"This is certainly more convenient than cranking the lorry," Georg said as he examined the interior. "And the closed coach should be much warmer than the flapping side curtains."
"Particularly with the heater. We had to open the windows a crack yesterday to keep from cooking as we drove."
After the engine had warmed sufficiently that David could push the choke the remainder of the way in, he shifted into low gear and slowly let out the clutch. The car moved forward a short distance, then paused as the rear wheels spun. "I expected this."
He shifted into reverse and backed a few feet until the wheels spun again. Then again into low, he drove forward, the car continuing this time. "Press lightly on the gas pedal, ride the clutch, and try to keep the tyres from spinning. It's a trick my father taught me."
After he had made a few circuits of the courtyard, he placed the car near the door and switched it off. "I think we'll be fine, though we should give ourselves an hour for the drive, just in case."
As they were getting out of the car, the horse pulled the carriage around the end of the wing with Rick driving it and Manny and Franz on the seat beside him. He reined the horse to a stop beside them, then pointed to the back. "We've scavenged around the estate, and assembled a tow rope, an assortment of boards, a piece of burlap and some sand. We'll follow you along into town, ready to haul you out if you get stuck or slide off the road."
Manny lifted the shovels he was holding. "First, though, we'll swing these banjos to clear some tracks in the lane so the tucker bloke's lorry can make it up the slope."
The noise of an engine echoed in the courtyard shortly past one as lunch dishes were being washed and dried. David threw on his jacket and went out to find it was the cook and his assistants. He welcomed them, then asked his driver about the road conditions.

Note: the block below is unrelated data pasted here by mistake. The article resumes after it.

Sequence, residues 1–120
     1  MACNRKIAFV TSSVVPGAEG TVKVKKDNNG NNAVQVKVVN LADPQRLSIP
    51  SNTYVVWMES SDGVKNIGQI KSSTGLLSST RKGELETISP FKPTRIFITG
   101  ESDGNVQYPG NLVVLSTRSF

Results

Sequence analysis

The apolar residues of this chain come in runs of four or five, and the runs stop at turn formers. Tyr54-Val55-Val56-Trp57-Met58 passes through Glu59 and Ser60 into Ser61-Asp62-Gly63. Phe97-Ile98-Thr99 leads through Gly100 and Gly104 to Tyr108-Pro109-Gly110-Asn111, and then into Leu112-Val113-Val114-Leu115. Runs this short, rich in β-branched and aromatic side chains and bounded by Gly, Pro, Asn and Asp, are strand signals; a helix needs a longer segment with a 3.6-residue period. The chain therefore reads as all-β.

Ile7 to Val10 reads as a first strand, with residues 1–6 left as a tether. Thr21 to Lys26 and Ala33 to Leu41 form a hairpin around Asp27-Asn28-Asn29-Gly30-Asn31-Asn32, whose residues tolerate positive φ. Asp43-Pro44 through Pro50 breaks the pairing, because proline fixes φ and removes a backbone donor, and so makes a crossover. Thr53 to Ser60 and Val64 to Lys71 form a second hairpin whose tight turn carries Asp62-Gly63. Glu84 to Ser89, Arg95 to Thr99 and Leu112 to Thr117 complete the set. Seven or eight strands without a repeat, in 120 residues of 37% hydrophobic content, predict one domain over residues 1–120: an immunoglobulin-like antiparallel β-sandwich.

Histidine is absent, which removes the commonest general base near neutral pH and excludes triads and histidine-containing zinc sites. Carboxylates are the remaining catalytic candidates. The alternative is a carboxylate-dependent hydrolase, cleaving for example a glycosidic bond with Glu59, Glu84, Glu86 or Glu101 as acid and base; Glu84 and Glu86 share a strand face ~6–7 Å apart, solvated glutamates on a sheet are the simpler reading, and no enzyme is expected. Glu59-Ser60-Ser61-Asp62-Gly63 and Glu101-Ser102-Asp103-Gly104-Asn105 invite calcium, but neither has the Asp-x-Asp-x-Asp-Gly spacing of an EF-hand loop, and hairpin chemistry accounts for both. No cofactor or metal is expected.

The young man shook his head and told him there was no problem as he pointed to the rear wheels of the lorry. Rope had been wrapped in two crisscrossing winds around the tyres and through the spokes.
They chatted as they walked to the rear and bent to examine the wrapping. The lad tugged on the rope. "Make the wraps as tight as possible; they'll last longer that way."
David nodded and thanked him, then he turned to the cook. "Good to see you again. Let's go inside and get instructions from Frau Eberhardt."
While the contents of the lorry were being unloaded into the kitchen, David walked around the wing and down into the rear courtyard to the men's quarters, and he sat with them as they relaxed after lunch. Turning to Manny, he chuckled, then said, "Whatever it was you called the cook; his lorry has arrived."
"The tucker bloke's here. That's ace."
"They've wrapped ropes around their rear wheels to give the tyres a better grip. The driver told me it's what the Swiss Army does, and he said there was no problem driving through the snow. Come and take a look. See if we can do that with the Lancia."
Twenty-five minutes later, when they had finished wrapping a crisscross pattern of ropes around both rear wheels, David drove the car on a circuit of the courtyard, then down the lane and back up. He smiled at the men as he got out. "This works well. We won't need your emergency escort."